Will ppp survive the credit crunch?

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Abstract

Today, governments are confronted with increasing budget deficits. While governments have less money available big investments in infrastructure are planned to stimulate economic growth. As a reaction, private investments are needed to meet the growing demand for infrastructure. Third party investors and banks are, however, reluctant to invest or finance large projects. Many fear that the credit crisis and its impact on public financing of PPP deals will have a large impact on ambitious regeneration, health, school and infrastructure programs of both national and local authorities.
Original languageEnglish
Publication statusPublished - 2010

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Credit crunch
Government
Local authorities
Finance
Health
Credit crisis
Private investment
Budget deficits
Economic growth
Regeneration
Financing
Investors

Keywords

  • IR-73539
  • METIS-268190

Cite this

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title = "Will ppp survive the credit crunch?",
abstract = "Today, governments are confronted with increasing budget deficits. While governments have less money available big investments in infrastructure are planned to stimulate economic growth. As a reaction, private investments are needed to meet the growing demand for infrastructure. Third party investors and banks are, however, reluctant to invest or finance large projects. Many fear that the credit crisis and its impact on public financing of PPP deals will have a large impact on ambitious regeneration, health, school and infrastructure programs of both national and local authorities.",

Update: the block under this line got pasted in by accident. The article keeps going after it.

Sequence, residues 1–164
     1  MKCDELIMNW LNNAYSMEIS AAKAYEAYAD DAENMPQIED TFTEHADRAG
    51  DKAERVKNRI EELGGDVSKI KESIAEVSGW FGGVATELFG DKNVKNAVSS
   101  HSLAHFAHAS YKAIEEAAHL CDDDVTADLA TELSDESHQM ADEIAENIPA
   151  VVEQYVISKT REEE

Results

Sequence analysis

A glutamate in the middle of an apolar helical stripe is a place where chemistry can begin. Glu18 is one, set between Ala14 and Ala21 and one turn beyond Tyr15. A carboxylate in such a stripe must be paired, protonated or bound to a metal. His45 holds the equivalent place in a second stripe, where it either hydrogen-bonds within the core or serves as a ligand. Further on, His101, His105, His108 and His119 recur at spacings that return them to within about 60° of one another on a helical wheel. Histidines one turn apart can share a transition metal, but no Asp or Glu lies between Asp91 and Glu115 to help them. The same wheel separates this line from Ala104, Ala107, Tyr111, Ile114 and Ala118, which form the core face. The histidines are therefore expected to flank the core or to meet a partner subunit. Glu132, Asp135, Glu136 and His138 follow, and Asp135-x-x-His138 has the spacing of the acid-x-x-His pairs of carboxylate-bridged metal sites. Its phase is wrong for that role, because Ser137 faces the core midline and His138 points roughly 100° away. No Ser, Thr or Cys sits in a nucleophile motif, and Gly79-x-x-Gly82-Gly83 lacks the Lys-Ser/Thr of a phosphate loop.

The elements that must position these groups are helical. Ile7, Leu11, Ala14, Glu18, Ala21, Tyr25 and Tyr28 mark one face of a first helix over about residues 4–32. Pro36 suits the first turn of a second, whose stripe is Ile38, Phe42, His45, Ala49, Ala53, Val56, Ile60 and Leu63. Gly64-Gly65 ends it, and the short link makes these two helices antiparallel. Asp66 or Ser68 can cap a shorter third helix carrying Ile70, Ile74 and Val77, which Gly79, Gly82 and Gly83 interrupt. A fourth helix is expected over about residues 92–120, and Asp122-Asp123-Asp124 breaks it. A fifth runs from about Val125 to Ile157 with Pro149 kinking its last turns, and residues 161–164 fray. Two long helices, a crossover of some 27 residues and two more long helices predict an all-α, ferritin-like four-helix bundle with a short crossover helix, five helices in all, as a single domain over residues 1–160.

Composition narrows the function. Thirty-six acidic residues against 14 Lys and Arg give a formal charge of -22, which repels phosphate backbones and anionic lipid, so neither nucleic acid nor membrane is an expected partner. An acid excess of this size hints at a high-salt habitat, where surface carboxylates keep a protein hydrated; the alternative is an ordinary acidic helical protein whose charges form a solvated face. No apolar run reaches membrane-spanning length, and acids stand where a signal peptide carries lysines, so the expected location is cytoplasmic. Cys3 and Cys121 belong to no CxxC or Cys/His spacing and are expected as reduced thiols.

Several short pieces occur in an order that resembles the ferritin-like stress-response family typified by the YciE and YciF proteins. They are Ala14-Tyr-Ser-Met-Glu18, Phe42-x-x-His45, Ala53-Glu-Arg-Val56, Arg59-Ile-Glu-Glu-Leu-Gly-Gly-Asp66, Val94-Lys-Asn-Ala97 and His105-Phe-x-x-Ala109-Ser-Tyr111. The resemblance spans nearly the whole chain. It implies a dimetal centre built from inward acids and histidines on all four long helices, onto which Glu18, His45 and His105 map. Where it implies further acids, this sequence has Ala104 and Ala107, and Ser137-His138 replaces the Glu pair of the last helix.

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author = "Dewulf, {Geert P.M.R.}",
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Will ppp survive the credit crunch? Dewulf, Geert P.M.R. (Author). 2010.

Research output: Non-textual formWeb publication/siteOther research output

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AB - Today, governments are confronted with increasing budget deficits. While governments have less money available big investments in infrastructure are planned to stimulate economic growth. As a reaction, private investments are needed to meet the growing demand for infrastructure. Third party investors and banks are, however, reluctant to invest or finance large projects. Many fear that the credit crisis and its impact on public financing of PPP deals will have a large impact on ambitious regeneration, health, school and infrastructure programs of both national and local authorities.

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